The United Nations Food and Agriculture Organization (FAO) and Finland signed an agreement on 10 January 2022 to improve nations’ abilities to manage forest resources and data, notably in Africa. The FAO Global Forest Resources Assessment and National Forest Monitoring teams will collaborate over a four-year period to carry out the $7 million multi-donor program, with Finland giving an initial $2,3 million.
Through this new connection, FAO and Finland will work to assist nations in creating and sharing better information, therefore contributing to better decision-making at all levels.
“This important collaboration with Finland will assist scale-up capacity for innovative and accurate forest monitoring,” stated FAO deputy director-general Maria Helena Semedo. “This initiative will send our experience and technologies to where they are most needed, with a focus on empowering women in Africa.”
Finland has a long history and experience in forest assessment and monitoring, said Ville Skinnari, Finland’s minister for development cooperation and foreign trade. “We are delighted to collaborate with FAO and provide our Nordic expertise. This is a great chance to help Finland achieve its goal of halting and reversing forest loss and land degradation by 2030,” he added.
Increasing the resilience and sustainability of forests
Forests offer energy, food and money, as well as critical functions such as climate change mitigation and soil and water resource preservation. Forest ecosystems are critical to rural livelihoods, particularly in developing nations.
Finland’s additional contribution will support wide and inclusive capacity-building efforts, as well as equitable access to training events, tools and resources.
The capacity-building efforts will be concentrated throughout Africa, with a special emphasis on women’s participation. It will also enable the supply of tools and procedures that will allow nations to gather and analyse up-to-date information on their forest resources, as well as report on them in a clear and annual manner to national and international processes and conventions.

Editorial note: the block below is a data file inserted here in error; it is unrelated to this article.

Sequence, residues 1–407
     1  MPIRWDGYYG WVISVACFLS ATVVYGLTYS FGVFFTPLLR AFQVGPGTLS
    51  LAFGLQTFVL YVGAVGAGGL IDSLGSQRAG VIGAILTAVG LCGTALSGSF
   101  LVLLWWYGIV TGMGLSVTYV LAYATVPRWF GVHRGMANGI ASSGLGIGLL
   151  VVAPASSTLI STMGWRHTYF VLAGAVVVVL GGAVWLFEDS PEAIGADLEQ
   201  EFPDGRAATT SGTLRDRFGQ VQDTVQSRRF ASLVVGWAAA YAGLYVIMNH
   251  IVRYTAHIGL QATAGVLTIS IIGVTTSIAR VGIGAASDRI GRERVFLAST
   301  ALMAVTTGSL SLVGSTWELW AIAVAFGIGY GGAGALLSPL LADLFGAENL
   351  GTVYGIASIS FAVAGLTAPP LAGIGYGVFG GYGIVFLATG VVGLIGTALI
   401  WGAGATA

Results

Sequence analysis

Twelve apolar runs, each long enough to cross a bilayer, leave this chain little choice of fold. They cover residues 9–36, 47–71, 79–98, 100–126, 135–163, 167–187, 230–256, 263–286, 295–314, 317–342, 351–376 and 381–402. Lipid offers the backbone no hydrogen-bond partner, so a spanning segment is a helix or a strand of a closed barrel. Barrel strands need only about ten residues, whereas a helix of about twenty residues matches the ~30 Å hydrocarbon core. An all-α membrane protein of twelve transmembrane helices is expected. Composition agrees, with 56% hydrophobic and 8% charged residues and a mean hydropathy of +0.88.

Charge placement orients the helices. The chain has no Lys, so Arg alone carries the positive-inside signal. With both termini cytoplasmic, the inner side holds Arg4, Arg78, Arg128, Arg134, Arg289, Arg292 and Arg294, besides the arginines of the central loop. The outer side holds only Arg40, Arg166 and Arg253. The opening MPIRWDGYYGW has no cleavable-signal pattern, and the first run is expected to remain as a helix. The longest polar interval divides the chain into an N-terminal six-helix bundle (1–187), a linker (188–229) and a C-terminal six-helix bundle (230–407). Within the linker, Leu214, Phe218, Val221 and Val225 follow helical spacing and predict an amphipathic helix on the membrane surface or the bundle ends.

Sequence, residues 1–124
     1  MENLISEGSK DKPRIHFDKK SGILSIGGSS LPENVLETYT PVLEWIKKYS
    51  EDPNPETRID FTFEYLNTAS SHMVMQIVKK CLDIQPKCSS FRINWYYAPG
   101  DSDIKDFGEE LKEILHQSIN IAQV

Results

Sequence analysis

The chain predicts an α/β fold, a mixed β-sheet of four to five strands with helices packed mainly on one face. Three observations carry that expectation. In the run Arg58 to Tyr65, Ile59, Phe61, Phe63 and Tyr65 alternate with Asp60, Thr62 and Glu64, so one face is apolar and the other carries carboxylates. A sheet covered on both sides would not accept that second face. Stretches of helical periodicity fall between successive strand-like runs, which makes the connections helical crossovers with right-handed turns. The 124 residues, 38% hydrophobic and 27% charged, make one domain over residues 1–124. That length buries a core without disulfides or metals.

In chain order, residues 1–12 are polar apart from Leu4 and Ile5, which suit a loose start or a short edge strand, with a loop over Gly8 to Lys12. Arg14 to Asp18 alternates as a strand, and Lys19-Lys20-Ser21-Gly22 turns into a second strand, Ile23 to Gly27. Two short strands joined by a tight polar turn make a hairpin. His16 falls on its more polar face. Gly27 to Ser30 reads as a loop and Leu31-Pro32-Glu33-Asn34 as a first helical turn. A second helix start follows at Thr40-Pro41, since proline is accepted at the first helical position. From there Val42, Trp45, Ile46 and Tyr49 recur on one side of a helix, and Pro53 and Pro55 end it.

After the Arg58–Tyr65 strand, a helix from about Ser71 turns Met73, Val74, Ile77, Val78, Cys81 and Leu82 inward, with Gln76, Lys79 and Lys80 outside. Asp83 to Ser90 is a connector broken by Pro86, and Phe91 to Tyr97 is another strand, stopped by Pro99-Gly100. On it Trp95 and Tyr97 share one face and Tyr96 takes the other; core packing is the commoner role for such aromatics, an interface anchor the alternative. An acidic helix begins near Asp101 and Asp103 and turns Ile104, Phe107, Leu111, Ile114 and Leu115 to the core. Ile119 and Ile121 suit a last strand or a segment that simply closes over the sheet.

The project’s ultimate goal is to help accomplish the goals of the UN Strategic Plan for Forests 2017-2030 and forest-related SDGs. More precisely, the initiative will aid in the reduction of deforestation and forest degradation by encouraging and supporting sustainable forest management and usage, resulting in increased economic, social, and environmental advantages.
The initiative will support the Glasgow Leaders’ Declaration on Forests and Land Use, which Finland signed at the COP26 UN Climate Conference last November. The Declaration, which has been endorsed by over 140 nations representing more than 90% of the world’s forests, pledges its signatories to working together to halt and reverse forest loss and land degradation by 2030.
FAO’s work in forestry
The Global Forest Resource Study (FRA) is the most authoritative and comprehensive assessment of forests and forestry. The most recent of these evaluations (FRA 2020) offers thorough regional and international studies for 236 nations and territories to fulfill the demands of the varied stakeholders: business and public sectors, non-governmental organizations (NGOs), the media, academia, and so on.
The FRA is based on official nation data. However, in less developed nations, the data is frequently out of date and obtained using inconsistent approaches. The FAO’s National Forest Monitoring (NFM) project assists governments in producing up-to-date quality information on forest resources in over 50 countries, with Africa accounting for one-third of the total. The goal is to create contemporary, transparent, reliable and accessible National Forest Monitoring Systems by providing free and open-source tools for collecting up-to-date and trustworthy forest resource data using remote sensing and field surveys.
FAO’s Open Foris Initiative, launched in 2009 with financial backing from the Finnish government, is one of the most important instruments in NFM. It offers open-source digital public goods that are frequently utilised in forest and land monitoring applications.
Open Foris has over 30 000 users in 180 countries and assists stakeholders in obtaining more precise information on forest and natural resources in a more effective manner.
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